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Posts Tagged ‘biology

“To be overly concerned with the original materials, which are merely sentimental souvenirs of the past, is to fail to see the living building itself”*…

The human body replaces its own cells regularly. Scientists at the Weizmann Institute of Science in Rehovot, Israel, have finally pinned down the speed and extent of this “turnover.” About a third of our body mass is fluid outside of our cells, such as plasma, plus solids, such as the calcium scaffolding of bones. The remaining two thirds is made up of roughly 30 trillion human cells. About 72 percent of those, by mass, are fat and muscle, which last an average of 12 to 50 years, respectively. But we have far more, tiny cells in our blood, which live only three to 120 days, and lining our gut, which typically live less than a week. Those two groups therefore make up the giant majority of the turnover. About 330 billion cells are replaced daily, equivalent to about 1 percent of all our cells. In 80 to 100 days, 30 trillion will have replenished—the equivalent of a new you…

Our Bodies Replace Billions of Cells Every Day: “A New You in 80 Days.”

* Douglas Adams, Last Chance to See

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As we sail on the Ship of Theseus, we might spare a thought for Hans Ernst August Buchner; he died on this date in 1902. A bacteriologist, he was a pioneer in the field of immunology, the first to discover a substance in blood, gamma globulins, natural bactericides capable of destroying bacteria.  He also worked with his brother Eduard Buchner, a chemist who won the Nobel Prize in 1907 for his work on fermentation (which helped pave the way for our understanding of the work of enzymes); Ernst had died in 1902, and so did not share in the honor.

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“He was a killer, a thing that preyed, living on the things that lived, unaided, alone, by virtue of his own strength and prowess, surviving triumphantly in a hostile environment where only the strong survive”*…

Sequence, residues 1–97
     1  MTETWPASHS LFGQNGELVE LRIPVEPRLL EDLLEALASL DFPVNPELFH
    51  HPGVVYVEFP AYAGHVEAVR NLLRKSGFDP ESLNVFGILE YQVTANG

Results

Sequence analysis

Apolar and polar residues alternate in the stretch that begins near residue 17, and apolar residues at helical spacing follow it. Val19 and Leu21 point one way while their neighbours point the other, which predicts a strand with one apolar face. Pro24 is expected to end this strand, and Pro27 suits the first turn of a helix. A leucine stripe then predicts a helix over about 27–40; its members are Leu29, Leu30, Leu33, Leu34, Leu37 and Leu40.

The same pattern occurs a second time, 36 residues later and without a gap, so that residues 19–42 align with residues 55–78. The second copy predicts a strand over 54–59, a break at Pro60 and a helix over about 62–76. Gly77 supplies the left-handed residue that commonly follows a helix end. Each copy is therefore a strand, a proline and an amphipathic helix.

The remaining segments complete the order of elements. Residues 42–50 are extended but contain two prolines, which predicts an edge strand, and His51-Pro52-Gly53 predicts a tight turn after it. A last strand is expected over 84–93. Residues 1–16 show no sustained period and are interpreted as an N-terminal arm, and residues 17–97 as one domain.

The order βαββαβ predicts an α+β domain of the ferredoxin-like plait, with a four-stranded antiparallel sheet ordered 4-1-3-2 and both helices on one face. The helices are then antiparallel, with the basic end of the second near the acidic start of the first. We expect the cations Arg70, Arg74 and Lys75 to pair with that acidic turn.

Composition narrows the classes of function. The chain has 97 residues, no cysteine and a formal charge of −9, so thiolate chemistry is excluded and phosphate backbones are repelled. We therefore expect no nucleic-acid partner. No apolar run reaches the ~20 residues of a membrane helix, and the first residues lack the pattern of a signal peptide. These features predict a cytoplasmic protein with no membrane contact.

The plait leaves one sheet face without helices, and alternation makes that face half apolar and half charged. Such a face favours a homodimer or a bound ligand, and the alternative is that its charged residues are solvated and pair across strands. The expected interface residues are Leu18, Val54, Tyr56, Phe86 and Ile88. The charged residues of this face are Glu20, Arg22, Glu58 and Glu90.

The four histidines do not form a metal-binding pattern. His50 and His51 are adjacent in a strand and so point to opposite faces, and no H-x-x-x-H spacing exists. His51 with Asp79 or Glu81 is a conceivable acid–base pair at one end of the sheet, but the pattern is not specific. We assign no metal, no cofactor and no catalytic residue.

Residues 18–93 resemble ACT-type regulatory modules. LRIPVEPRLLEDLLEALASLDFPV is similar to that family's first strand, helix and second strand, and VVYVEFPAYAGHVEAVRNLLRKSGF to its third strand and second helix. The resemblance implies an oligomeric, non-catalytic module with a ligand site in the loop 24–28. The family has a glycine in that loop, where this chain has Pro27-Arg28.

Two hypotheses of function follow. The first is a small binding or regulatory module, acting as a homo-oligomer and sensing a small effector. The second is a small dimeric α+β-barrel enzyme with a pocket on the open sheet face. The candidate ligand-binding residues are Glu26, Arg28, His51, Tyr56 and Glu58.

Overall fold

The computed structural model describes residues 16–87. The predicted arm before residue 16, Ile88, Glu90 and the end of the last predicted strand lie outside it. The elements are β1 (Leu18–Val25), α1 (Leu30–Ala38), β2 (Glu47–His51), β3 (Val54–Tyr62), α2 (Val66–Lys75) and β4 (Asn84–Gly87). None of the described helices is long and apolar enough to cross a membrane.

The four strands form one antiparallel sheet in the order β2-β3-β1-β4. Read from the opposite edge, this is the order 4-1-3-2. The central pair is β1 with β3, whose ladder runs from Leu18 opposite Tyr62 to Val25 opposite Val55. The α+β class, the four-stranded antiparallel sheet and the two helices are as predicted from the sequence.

One notes that there are only three states with unique predators: two with apex predators– Alaska (the polar bear); Florida (the crocodile)– and Hawaii (the domestic cat). A ‘o ia!

The largest land predators in each state. (TotH to @simongerman600)

* Jack London, The Call of the Wild

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As we watch our backs, we might spare a thought for Alexander Emmanuel Rodolphe Agassiz; he died on this date in 1910. Following in his father‘s footsteps, he made important contributions to systematic zoology, serving as curator of Harvard’s Museum of Comparative Zoology (1873-85), which was founded by his father.

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Written by LW

March 27, 2021 at 1:01 am

“Do you think that the soul first shows itself by a gnashing of teeth?”*…

In January 2020, as a new plague began to upend life on Earth, a small research team from Tufts, the University of Vermont, and Harvard announced that they, too, had turned life on Earth upside-down. Their discovery wasn’t quite so dramatic at first glance. Any regular person peering through a microscope at their creation would see little more than a few globs of dirty pond water in a petri dish. But those globs were alive; in fact, they were alive in a way that nothing has ever been alive before, in an uncharted space between biology and technology. They called them Xenobots, the world’s first living robot—the world’s first programmable organism.

Xenobot: Xeno as in Xenopus laevis, a voracious frog native to the wetlands of Sub-Saharan Africa; bot, of course, as in robot. It’s an unconventional name for an unconventional organism, so novel that even its makers struggle to conceptualize it. “The terminology that has served us well for many years is just not any good anymore,” concedes Michael Levin, the team’s iconoclastic biologist. His collaborator Josh Bongard, a computer scientist and robotics expert, has called Xenobots “novel living machines.” Sam Kriegman—the team’s postdoc—prefers the term “Computer Designed Organism,” although he’s been trying on “living deepfake” for size recently.